The People Under the Stairs (1991)
By: Craig Villinger on March 11, 2002 | Comments
Universal (Australia). Region 2 & 4, PAL. 1.85:1 (16:9 enhnaced). English DD 2.0. English, Dutch, Swedish, Norwegian, Danish, Finnish subtitles. 97 Minutes
The Movie
Director: Wes Craven
Starring: Brandon Adams, Everett McGill, Wendy Robie, A.J. Langer, Sean Whalen, Bill Cobbs, Kelly Jo Minter
Screenplay: Wes Craven
Country: USA
Despite the fact that many hardcore horror fans despise his latter work, director Wes Craven is seen as one of the true masters of the horror genre. Creator of the hugely successful Nightmare on Elm Street franchise, and director of the Scream trilogy, he does have an impressive record when it comes to producing crowd pleasing horror movies, although The People Under the Stairs is a long way off being one of his biggest box office hits.

The story centres on Fool (Brandon Adams). Fast approaching his thirteenth birthday, he has very little to celebrate, with his mother dying of cancer and his family facing imminent eviction from their apartment for being late with the rent. However, local hoodlum Leroy (played by the always likeable Ving Rhames) has a plan that may solve all their problems. Together with his partner in crime Spenser, the three plan to break into the home of the landlord who is so cruelly evicting Fool's family, and steal a prized collection of gold coins that will net them all a small fortune. This proves to be easier said than done, with the strange looking house itself being so tightly sealed up that the guys have quite a time trying to break in. Once inside however, they find that getting in was the easy part. It's getting back out again that will be the real test of their abilities! To make matters worse, the occupants of the house could only be described as "seriously disturbed", and it isn't long before Fool begins to discover the horrible atrocities that take place within its walls, and will soon find out just who "The People Under the Stairs" really are, and how they came to be there.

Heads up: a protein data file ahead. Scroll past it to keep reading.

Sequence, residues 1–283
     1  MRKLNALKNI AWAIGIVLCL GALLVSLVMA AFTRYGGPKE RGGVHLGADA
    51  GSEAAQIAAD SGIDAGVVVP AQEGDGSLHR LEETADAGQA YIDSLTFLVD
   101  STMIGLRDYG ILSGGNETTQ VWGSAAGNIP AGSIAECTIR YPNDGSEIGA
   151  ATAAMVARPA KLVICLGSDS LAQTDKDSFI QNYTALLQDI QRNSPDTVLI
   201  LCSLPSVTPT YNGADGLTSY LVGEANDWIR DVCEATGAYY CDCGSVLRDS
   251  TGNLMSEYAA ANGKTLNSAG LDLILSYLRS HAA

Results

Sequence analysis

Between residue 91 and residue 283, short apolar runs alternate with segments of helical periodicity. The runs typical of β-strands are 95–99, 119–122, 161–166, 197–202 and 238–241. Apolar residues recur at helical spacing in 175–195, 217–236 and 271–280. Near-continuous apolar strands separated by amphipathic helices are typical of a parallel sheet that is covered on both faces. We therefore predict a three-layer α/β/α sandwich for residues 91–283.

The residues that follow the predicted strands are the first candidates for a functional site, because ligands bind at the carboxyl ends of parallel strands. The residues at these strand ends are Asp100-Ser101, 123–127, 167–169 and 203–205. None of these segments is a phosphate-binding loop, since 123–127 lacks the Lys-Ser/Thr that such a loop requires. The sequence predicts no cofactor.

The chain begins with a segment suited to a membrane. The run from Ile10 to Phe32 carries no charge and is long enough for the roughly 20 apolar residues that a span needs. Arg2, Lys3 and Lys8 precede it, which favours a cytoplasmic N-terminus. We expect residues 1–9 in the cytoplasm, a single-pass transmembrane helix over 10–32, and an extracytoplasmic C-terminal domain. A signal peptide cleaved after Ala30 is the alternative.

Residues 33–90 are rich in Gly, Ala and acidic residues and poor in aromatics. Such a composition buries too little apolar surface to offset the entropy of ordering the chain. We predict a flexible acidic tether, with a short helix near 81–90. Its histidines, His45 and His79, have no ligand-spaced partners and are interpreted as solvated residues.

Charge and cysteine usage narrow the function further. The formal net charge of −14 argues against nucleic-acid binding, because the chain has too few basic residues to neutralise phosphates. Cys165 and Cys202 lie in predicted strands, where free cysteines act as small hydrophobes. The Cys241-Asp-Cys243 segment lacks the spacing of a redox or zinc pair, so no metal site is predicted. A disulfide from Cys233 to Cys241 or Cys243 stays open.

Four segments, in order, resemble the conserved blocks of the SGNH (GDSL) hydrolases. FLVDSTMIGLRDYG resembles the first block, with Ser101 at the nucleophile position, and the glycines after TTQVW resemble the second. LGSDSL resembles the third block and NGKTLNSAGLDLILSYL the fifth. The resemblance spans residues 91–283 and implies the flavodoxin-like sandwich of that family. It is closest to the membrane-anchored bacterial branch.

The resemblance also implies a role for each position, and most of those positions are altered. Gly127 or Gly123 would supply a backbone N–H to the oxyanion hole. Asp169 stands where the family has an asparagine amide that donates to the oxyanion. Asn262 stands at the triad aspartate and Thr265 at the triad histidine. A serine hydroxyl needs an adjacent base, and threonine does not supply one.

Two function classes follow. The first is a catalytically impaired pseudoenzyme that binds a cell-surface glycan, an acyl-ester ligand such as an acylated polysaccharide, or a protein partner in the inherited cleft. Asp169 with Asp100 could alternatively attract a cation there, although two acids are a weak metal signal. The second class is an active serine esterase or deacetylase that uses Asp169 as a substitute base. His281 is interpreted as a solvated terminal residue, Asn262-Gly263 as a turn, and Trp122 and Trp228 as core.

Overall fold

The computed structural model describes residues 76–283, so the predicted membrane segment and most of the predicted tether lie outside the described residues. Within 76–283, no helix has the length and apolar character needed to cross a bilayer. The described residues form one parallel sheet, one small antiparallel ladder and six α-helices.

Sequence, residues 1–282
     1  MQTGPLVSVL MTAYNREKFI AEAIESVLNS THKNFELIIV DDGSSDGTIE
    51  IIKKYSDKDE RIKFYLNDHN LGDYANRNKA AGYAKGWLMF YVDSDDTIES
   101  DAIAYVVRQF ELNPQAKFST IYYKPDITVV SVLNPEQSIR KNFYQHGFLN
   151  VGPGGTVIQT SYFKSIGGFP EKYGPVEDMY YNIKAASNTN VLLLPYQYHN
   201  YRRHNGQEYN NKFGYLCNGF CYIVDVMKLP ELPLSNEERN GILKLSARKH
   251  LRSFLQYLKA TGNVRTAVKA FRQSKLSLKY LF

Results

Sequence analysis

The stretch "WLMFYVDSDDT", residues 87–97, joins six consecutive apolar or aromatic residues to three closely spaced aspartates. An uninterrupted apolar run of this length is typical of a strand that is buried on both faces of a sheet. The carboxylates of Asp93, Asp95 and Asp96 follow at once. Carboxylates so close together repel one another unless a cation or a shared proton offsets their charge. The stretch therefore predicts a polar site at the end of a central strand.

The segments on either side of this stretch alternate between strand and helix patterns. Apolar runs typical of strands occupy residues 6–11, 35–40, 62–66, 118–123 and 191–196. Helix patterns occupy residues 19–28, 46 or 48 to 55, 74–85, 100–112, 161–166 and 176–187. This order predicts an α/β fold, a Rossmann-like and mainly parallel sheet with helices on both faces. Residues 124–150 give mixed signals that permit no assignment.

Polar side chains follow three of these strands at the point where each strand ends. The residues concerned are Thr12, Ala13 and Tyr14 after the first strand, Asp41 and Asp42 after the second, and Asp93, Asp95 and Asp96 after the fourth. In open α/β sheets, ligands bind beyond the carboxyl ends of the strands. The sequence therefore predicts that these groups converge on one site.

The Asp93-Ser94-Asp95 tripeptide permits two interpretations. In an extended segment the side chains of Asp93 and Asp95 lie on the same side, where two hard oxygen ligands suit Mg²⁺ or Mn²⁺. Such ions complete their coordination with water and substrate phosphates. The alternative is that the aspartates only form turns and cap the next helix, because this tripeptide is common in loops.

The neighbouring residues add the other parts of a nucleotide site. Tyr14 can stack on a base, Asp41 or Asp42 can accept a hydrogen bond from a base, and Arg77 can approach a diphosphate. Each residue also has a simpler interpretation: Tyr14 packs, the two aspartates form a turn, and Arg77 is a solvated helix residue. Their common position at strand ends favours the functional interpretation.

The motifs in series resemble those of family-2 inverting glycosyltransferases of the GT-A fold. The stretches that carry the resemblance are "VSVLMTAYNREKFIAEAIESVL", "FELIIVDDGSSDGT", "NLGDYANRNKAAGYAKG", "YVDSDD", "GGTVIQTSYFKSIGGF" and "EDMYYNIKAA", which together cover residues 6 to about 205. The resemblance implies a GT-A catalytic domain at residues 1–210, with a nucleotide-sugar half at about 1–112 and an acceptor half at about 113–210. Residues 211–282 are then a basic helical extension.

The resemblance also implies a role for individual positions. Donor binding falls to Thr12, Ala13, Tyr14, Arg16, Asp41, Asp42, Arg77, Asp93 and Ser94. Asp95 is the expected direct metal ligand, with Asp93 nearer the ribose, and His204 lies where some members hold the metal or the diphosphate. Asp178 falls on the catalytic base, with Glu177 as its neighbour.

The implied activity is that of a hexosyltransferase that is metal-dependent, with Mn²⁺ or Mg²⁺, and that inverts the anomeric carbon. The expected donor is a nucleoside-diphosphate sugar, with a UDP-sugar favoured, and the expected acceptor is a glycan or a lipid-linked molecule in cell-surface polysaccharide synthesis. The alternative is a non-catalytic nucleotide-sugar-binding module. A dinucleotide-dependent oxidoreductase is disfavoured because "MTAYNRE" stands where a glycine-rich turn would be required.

This is definitely one of Wes Craven's more bizarre efforts, and has little of the commercial appeal of some of his more recent films. The nameless occupants of the house (played by Everett McGill and Wendy Robie) take insanity to new extremes, and in many other films could have appeared as being "over the top". Their performances however seem to fit right in with the overall look and feel of this particular movie. Craven keeps things moving at a steady rate, and manages to milk quite a bit of suspense from the film's numerous "cat and mouse" sequences. If you are expecting a slick, teen friendly horror film in the style of Scream, then you may be disappointed, but if you are looking for something a bit different, then The People Under The stairs is well worth a look.
The Disc
The People Under the Stairs is presented in a 1.85:1 aspect ratio with 16x9 enhancement. At times, the image quality appeared less than impressive, particularly during the darker moments of the film, although this was perhaps due more to the source material than the transfer quality. Shadow detail appeared to be lacking slightly, but overall, the transfer has no real faults, and is best described as adequate rather than an outstanding. A Dolby 2.0 soundtrack is the only audio option on the disc. Dialogue is always clear and easy to understand, and the musical score, which plays a fairly important part in films of this sort, sounds impressive enough. Although there certainly aren't any real problems in the audio department, the numerous off- camera sound effects and creepy noises emerging from different parts of the house (footsteps, creaking floorboards etc) cry out for a full surround sound mix, and this disc would have benefited greatly from a 5.1 channel audio track. Apart from the various subtitling options, a theatrical trailer for the film is the only extra feature on offer.
The Verdict
This is by no means an outstanding disc, but Craven fans should be happy with what is on offer here. Considering the disc's low price tag (AU$19.95), it may make for an interesting addition to any horror fans DVD collection.
Movie Score
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